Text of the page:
Taking Stock of a Post-Pandemic Future

By Peter Hansen
AVIXA
Economic Analyst

Rebirth marks every spring, a cycle that is even stronger in 2021. Days are stretching, flowers are blooming, and, most especially, vaccines are opening the door to normal life.

As we move into the post-pandemic future (live events, travel, and parties, oh my!), it will take time to leave the crisis behind entirely. The unfortunate truth is that a year like 2020 leaves economic scarring. Too many businesses have lost too much revenue to immediately bounce back once consumers feel safe to return to pre-pandemic habits.

The lingering impact of the pandemic is where our 2021 Q1 Macroeconomic Trends Analysis (META) report comes in. In it, we study each AV vertical market to understand how they fared in 2020. We synthesize this data with prior research and economic principles to create a guide to the hangover effects of the pandemic, including how AV businesses can address the unique needs of each vertical.

We had a few surprises when we looked back at actual performance for vertical markets in 2020. On the negative side, the performance of transportation was ugly, with just 57% of their expected total GDP output through the first three quarters of 2020. For pro AV, there are two positive mitigating factors. First, as shown in AVIXA's Market Opportunity Analysis Report (MOAR) series, transportation AV spending is largely sourced from major capital projects, whose long-term nature makes sudden spending drops unlikely. Second, transportation projects usually have public funding, which insulates them against revenue fluctuations. It was a harsh year for transportation, but its AV spending may be steadier than you would think.

Our data revealed a positive surprise for the corporate vertical market. We have data on both construction and the average rent for offices in the U.S., both of which show a market with steady demand. Rent and construction data have weaknesses as real-time indicators of demand, so we don't conclude that the market actually had perfectly steady demand. Still, the combined data is enough of a signal to reject the theory that office demand has precipitously declined.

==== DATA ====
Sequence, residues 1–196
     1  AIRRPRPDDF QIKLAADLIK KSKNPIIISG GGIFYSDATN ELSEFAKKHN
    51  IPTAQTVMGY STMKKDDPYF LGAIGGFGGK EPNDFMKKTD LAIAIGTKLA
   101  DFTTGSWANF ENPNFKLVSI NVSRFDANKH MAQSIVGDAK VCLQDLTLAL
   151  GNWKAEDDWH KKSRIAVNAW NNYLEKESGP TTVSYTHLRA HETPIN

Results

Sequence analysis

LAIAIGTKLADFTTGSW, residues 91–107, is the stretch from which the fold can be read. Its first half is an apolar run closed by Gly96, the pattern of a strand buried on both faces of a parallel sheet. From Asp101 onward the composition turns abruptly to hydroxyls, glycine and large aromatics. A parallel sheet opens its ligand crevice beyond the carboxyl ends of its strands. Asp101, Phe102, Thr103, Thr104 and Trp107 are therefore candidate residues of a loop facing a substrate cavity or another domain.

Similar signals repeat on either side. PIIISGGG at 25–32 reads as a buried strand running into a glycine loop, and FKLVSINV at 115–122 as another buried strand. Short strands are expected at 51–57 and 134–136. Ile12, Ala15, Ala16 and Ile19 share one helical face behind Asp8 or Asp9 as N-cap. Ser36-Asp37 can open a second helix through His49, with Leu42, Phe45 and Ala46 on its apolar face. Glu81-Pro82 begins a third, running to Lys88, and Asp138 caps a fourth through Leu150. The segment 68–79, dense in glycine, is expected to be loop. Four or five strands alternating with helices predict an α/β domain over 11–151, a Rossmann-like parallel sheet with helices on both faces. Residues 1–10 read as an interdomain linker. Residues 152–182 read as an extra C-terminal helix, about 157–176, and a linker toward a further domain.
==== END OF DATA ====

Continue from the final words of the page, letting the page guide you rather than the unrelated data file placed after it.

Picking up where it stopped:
The retail market offered a second happy surprise. There's a common narrative that retail was hit hard by the pandemic, but the data flatly negates that. The first months of the pandemic did slow brick-and-mortar retail sales, but by the third quarter, brick-and-mortar output had surpassed the levels expected pre-pandemic. Through the first three quarters of 2020, retail overall was at 99% of its expected, and brick and mortar were at 96% — not bad at all, especially considering 4th quarter data hasn't yet been factored in.

Some vertical markets aligned closely with what you'd guess. Venues and events, for example, dropped substantially. No surprise there. But just because it was unsurprising doesn't mean there aren't insights in the data. For example, from the course of the sector's GDP outputs, we see that dramatic changes continued throughout the pandemic. That's a signal to AV providers that scalability will be a key factor for venue operators. Solutions that work equally well in low-crowd pandemic conditions and packed-house post-pandemic conditions will be attractive options for venue operators.

Hospitality is another market that roughly followed expectations. (Though the restaurant segment fared better than the accommodations portion—and better than you might think!) That said, knowing how much hospitality was contracted last year gives a signal about the challenges ahead. Hotels and restaurants that closed spaces and laid off staff will be stretched thin during the recovery as they work to hire new staff and reestablish efficiency at high volumes. Leaders at such organizations will value simplicity and reliability from their AV. If you can give them clear choices that require little hands-on involvement, you will save them precious mental resources to be spent elsewhere.

The full story is much more complex than these highlights. In fact, we've left out one of the most critical hangover effects from the pandemic: diminished financial reserves. Limited cash availability will be a major influence for businesses in all the hardest hit verticals, strongly affecting their purchasing choices. And, as we cover in the full report, there are numerous ways for AV providers to assist, from risk mitigation to managed services.

Spring is taking hold in its annual burst of life. This year, that burst of life includes a return to togetherness and experiential activity as vaccines cause the pandemic to fade. But many economic sectors have faced unique trials that will create lingering challenges for months to come. Strategic AV companies can understand those difficulties and tailor their services to address them. In doing so, you'll help your clients—and your own bottom line. 

This article originally appeared in the April issue of Sound & Communications magazine. Discover more  AV economic analysis here.

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Peter Hansen
AVIXA, Economic Analyst

As AVIXA’s Economic Analyst, Peter Hansen’s job is to understand how the professional AV sector interacts with the wider economy.  Peter relishes the challenge of this task, to which he brings a data-focused skillset and a passion for critical analysis.  In the past, he has worked for the Federal Reserve Board and been published in RealClearMarkets, Finance and Economics Discussion Series, and The Atlantic.